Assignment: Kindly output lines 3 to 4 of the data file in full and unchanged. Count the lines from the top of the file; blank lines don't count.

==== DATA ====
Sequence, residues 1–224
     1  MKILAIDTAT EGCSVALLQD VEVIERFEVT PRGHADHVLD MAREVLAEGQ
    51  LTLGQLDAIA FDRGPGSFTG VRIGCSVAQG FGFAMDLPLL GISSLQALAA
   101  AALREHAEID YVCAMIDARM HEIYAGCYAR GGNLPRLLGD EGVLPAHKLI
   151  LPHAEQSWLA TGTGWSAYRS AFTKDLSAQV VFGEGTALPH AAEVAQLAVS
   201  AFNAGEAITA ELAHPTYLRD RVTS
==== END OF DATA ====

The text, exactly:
    51  LTLGQLDAIA FDRGPGSFTG VRIGCSVAQG FGFAMDLPLL GISSLQALAA
   101  AALREHAEID YVCAMIDARM HEIYAGCYAR GGNLPRLLGD EGVLPAHKLI